Somnox is committed to developing products that you can trust. We continually improve our products based upon user experiences and the latest research. Sleep has a large impact on your wellbeing and it is important that we take your health seriously. Therefore, we will keep sharing our learnings with you. Wondering whether Somnox is right for you? Take our quiz and get our free advice.

 

What is coherent breathing?

You breathe in and breathe out, without actually thinking about it. You unconsciously inhale to let air into your lungs and oxygenate your body’s tissues. What’s unique about breathing is that you can take it under conscious control too. Coherent breathing is all about conscious, slow and rhythmic breathing. Your natural breathing rate ranges from ten to twenty breaths per minute (1). With coherent breathing, you decrease this breathing rate significantly to six breaths per minute. This has been proven to have a relaxing effect on the body and mind (2).

 

The effect of coherent breathing has something to do with your autonomic nervous system, which can be divided into the sympathetic and parasympathetic nervous system. The sympathetic nervous system controls your stress responses (fight-or-flight) (3,4). The parasympathetic nervous system makes sure your body gets rest for restorative purposes (rest and digest) (3,4). A lower breathing rate and longer exhales lead to parasympathetic effects that initiate a relaxation response (2,5,6). Thus, slow coherent breathing transforms the body from a stressed state into a relaxed state which is favorable for a good night’s sleep (7).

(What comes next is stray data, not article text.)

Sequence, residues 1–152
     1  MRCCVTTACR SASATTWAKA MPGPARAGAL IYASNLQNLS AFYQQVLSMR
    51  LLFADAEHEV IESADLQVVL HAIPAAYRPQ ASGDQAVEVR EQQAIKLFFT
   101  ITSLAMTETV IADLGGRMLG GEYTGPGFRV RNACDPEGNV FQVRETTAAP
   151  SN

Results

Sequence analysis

Coherent breathing example: breathe in for four seconds… and breathe out for six seconds… do this breathing exercise for 10 minutes.

How is coherent breathing related to your heartbeat?

What’s interesting, is that coherent breathing impacts your heart rate. While breathing in, your heart rate goes up and while breathing out, your heart rate slightly decreases (see Figure 1 below) (8). This phenomenon is called heart coherence, and is reached during coherent breathing or when experiencing positive emotions, such as love, joy and gratitude. It’s a sign of a happy and healthy body that is resilient to stressful events that can be encountered during the day (9).    Breathing and heart rate

Figure 1: Heart rate goes up while breathing in and heart rate goes down while breathing out. This occurs when you practice coherent breathing and is a sign of a stress-resilient body.

 

How to do coherent breathing with Somnox?

Coherent breathing can relieve stress and therefore help you fall asleep more easily (9). You can use the Somnox Sleep Robot to do coherent breathing exercises (see Figure 2). We recommend performing these exercises just before going to bed for a good night’s sleep, or just after waking up to start the day peacefully.